“It looks very strong at the moment, sentiment is bullish, technicals look fine, so I rather see prices rising further from here,” Commerzbank analyst Carsten Fritsch said.

The drop in supply from some producers, however, could be offset by increased output in countries such as Russia and Iran.

Russia’s energy minister said it might push oil production to historic highs and Iran has reiterated its intention to reach output of 4 million barrels per day after a global deal to freeze output collapsed and Saudi Arabia threatened to flood markets with more crude.

Libya could also rapidly ramp up oil production as soon as stability returns, the head of Libya National Oil Corporation (NOC) told an oil summit in Paris.

Nigeria will hold talks with Saudi Arabia, Iran and other producers by May, hoping to reach a deal on an output freeze at the next OPEC meeting in June, where it is expected to be a key item on the agenda.

“The focus of the market is primarily on price-supportive news and that’s just an indication of how sentiment is,” Saxo Bank senior manager Ole Hansen said.

Hansen said fund flows into commodities had been strong this week, driven by a weaker dollar.

The U.S. currency hit 10-month lows against some commodity-related currencies earlier this week. The Thomson Reuters Core Commodity Index rose to its highest since early December. [MKTS/GLOB]

“This whole recovery has been driven by supply being capped and supply is price sensitive and again we’re back to levels where we could see some of these producers breathe again,” Hansen said.

French bank BNP Paribas said any hope of the oil market rebalancing from the current surplus relied on a predicted decline in U.S. oil production.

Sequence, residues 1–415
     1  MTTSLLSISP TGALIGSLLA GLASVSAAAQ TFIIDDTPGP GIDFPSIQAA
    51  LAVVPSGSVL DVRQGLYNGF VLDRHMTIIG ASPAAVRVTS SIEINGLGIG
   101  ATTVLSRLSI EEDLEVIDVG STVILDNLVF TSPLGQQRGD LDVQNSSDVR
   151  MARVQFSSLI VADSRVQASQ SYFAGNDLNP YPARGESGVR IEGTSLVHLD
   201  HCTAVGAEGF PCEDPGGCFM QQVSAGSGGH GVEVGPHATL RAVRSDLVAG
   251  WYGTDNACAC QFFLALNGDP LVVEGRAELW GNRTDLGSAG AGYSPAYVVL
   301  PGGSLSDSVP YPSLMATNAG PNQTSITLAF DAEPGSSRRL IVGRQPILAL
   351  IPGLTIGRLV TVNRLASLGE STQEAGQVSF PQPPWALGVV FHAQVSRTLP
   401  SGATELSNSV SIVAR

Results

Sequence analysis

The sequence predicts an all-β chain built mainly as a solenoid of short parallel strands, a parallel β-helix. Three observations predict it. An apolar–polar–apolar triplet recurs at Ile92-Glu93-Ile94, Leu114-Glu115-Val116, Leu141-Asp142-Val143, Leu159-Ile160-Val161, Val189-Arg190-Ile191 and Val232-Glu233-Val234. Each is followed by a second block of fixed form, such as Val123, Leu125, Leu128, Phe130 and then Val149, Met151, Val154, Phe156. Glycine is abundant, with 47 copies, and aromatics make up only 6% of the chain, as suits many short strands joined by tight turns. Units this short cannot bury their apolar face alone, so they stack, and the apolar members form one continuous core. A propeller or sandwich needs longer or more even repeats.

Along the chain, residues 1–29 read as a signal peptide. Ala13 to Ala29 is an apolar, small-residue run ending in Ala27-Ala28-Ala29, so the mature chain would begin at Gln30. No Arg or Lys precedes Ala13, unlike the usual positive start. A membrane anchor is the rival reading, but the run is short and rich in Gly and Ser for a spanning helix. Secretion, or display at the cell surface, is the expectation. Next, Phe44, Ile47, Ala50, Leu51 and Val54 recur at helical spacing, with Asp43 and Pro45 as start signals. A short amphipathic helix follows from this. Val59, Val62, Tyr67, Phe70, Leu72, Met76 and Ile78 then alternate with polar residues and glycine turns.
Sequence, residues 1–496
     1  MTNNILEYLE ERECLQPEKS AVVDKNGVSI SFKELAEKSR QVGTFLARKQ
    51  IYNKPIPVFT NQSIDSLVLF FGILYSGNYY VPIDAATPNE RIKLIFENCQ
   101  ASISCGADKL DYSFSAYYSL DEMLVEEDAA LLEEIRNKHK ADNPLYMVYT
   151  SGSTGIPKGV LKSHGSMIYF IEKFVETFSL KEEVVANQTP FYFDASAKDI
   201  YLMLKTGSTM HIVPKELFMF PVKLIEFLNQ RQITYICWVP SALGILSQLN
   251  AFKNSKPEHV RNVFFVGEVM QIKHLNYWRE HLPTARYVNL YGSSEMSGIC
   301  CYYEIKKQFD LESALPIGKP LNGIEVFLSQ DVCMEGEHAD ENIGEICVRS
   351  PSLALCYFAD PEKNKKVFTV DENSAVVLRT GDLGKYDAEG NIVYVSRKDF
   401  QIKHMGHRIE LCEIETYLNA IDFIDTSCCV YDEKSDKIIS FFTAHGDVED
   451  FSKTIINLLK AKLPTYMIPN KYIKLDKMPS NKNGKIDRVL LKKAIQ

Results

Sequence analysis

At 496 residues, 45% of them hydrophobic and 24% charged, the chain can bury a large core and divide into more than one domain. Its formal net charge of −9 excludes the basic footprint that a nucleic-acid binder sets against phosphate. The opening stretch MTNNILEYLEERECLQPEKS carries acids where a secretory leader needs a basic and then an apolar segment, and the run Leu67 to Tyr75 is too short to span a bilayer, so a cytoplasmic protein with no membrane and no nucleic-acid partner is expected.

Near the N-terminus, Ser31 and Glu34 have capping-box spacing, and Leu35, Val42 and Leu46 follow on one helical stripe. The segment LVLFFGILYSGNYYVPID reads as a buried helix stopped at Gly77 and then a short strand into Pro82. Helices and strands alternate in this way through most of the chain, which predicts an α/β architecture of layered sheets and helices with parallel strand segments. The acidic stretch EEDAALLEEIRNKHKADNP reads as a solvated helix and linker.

“The U.S. accounts for the bulk of non-OPEC’s 2016 oil supply contraction of 700,000 barrels per day forecast. If the decline in the U.S. oil supply proves insufficient to tighten balances, then … the oil price will remain low,” it said.

In refined products, China’s exports of diesel and gasoline soared, spilling surplus fuel onto a market that is already well supplied, and threatening to cut Asian benchmark refining margins further.

(Additional reporting by Henning Gloystein in Singapore and Osamu Tsukimori in Tokyo; editing by David Evans and David Clarke)

Up to 500 migrants might have drowned in crammed ship

Migrants sit in a rubber dinghy during a rescue operation by SOS Mediterranee ship Aquarius off the coast of the Italian island of Lampedusa

ROME (Reuters) – Up to 500 migrants might have drowned in the Mediterranean last week when human traffickers crammed people onto an already overcrowded ship, causing it to sink, the U.N. refugee agency said on Wednesday.

Somalia’s government said on Monday about 200 or more Somalis may have died in the tragedy while trying to cross illegally to Europe. After talking to survivors, the UNHCR agency said the overall death toll might have been much higher.

“If confirmed, as many as 500 people may have lost their lives when a large ship went down in the Mediterranean Sea at an unknown location between Libya and Italy,” the UNHCR said.

The agency said the survivors – 37 men, three women and a three-year-old child – were rescued by a merchant ship and taken to Greece on April 16.

They recounted that they had been among 100 to 200 people who set sail from Libya last week headed for Italy. After several hours at sea, the traffickers tried to move them onto a bigger ship that was already packed with migrants.

This ship sank before the survivors could board it. They then drifted at sea for up to three days before being saved. The group was made up of 23 Somalis, 11 Ethiopians, six Egyptians and one Sudanese national.

The Somali government said on Monday that the capsized boat had set sail from Egypt.

News of the disaster emerged on the first anniversary of one of the worst disasters in the Mediterranean in recent times, when an estimated 800 migrants drowned off the Libyan coast after the fishing boat they were sailing in collided with a mercantile vessel that had been attempting to rescue them.

Some 150,000 migrants reached Italy by boat in 2015, the vast majority sailing from Libya. So far this year, about 25,000 migrants have arrived, an increase of 4.7 percent over the same period last year, according to Interior Ministry data.

(Reporting by Crispian Balmer; Editing by Tom Heneghan)